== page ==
|Speaker :||Oana Balalau|
|Time:||4:00 pm - 4:30 pm|
|Location:||LINCS / EIT Digital|
Social media contain information shared by hundreds of millions of users across the world and provide one of the richest dataset created by human activity. Social media distinguish themselves from traditional media as users can follow news channels, but they can also be the ones reporting updates on events.
In our research, we focus on the detection of disaster events, such as earthquakes, terrorist attacks, mass shootings, air strikes, etc. We develop tools to extract a useful description of an event via a graph-based approach and we show that our algorithm can incorporate information from several sources, such as both social and mainstream media.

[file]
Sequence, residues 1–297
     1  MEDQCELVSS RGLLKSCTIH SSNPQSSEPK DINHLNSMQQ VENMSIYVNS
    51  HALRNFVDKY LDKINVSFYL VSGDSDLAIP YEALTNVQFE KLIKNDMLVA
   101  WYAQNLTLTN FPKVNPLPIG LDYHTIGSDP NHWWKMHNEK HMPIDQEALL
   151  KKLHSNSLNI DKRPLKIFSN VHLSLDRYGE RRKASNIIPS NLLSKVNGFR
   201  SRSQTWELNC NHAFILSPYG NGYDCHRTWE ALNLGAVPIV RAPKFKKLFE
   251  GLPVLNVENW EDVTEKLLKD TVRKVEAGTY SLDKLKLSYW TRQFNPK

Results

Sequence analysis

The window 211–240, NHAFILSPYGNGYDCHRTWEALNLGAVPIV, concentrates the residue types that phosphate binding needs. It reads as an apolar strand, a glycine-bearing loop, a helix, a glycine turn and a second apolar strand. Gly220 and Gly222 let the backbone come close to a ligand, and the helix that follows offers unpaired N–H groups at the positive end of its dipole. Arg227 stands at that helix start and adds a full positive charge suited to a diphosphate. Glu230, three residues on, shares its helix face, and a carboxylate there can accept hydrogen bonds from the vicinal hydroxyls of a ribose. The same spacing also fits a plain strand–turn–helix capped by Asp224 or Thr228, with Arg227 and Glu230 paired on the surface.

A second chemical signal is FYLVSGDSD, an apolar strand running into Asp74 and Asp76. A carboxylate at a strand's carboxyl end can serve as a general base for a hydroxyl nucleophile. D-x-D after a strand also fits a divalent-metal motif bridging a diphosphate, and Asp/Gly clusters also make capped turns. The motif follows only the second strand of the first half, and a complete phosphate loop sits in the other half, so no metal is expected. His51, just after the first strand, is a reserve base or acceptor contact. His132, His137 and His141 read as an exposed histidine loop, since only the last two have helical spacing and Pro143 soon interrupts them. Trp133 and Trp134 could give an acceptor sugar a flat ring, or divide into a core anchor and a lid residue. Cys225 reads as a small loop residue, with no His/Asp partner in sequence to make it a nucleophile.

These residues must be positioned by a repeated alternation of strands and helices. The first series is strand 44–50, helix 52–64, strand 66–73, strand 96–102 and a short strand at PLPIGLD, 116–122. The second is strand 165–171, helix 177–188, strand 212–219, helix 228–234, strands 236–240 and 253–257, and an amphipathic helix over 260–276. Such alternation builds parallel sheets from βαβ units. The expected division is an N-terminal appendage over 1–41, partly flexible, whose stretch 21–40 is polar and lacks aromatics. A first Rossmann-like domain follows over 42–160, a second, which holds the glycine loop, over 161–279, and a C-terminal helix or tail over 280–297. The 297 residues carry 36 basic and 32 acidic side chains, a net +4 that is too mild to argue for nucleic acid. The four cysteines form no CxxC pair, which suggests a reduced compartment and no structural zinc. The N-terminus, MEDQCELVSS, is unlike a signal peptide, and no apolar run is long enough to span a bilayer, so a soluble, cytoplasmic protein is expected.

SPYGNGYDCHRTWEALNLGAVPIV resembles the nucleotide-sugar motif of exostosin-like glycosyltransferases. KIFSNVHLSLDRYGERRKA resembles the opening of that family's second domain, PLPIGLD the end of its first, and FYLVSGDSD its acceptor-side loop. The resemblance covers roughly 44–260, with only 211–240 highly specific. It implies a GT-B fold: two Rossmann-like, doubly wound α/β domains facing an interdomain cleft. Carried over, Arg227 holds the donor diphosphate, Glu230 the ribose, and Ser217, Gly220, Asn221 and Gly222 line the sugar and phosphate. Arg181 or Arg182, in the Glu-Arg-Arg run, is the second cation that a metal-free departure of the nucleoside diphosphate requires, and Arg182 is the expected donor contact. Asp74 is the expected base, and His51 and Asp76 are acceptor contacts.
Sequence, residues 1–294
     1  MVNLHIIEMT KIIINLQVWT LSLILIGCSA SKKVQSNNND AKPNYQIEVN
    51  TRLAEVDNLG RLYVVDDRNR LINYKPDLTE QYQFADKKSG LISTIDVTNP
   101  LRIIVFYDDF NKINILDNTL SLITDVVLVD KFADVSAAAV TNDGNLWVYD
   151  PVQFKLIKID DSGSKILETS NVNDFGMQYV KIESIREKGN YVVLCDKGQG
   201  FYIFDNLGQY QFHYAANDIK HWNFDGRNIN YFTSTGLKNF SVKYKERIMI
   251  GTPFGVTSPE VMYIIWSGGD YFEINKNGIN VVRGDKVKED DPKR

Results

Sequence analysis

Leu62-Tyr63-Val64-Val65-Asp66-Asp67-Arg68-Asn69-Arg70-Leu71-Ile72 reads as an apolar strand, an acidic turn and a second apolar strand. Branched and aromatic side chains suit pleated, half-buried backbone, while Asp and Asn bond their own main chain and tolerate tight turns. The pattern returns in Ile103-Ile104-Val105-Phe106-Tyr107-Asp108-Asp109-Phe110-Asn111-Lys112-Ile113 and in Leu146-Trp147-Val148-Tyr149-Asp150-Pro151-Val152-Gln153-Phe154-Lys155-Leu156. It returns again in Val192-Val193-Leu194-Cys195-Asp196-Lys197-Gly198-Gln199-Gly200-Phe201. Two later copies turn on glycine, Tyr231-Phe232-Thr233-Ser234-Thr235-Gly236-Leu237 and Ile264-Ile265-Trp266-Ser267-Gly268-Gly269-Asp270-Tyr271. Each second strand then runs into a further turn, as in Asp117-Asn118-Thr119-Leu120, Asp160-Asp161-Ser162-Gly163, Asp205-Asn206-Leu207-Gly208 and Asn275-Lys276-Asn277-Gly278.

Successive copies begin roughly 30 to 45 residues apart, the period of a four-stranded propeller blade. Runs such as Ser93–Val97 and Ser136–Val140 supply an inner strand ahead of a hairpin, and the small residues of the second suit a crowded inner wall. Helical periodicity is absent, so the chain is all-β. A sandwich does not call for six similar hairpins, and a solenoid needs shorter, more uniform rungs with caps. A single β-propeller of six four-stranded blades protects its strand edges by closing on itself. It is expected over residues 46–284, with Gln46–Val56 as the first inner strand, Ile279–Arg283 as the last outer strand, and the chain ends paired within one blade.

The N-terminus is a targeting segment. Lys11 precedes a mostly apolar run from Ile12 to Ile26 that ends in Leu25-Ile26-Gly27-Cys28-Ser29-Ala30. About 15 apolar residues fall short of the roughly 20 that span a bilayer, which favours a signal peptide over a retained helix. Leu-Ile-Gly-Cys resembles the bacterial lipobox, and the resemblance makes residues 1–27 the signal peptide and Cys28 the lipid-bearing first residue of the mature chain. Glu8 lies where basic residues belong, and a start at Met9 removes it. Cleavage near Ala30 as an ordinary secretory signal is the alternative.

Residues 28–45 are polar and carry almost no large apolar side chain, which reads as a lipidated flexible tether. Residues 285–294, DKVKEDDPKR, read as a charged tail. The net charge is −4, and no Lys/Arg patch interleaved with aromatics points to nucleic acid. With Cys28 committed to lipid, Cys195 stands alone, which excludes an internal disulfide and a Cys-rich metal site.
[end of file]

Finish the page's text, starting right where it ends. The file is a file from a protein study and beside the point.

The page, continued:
Complementary to our work on event detection, we study several definitions of meaningful subgraphs in a graph. Density is a very good measure of importance and cohesiveness in graphs and dense subgraphs have been found to represent communities in social networks, or to indicate the presence of real-world events in a graph-of-words. We investigate both semantic and structural properties of dense subgraphs and we develop algorithms that can successfully scale to real-world graphs.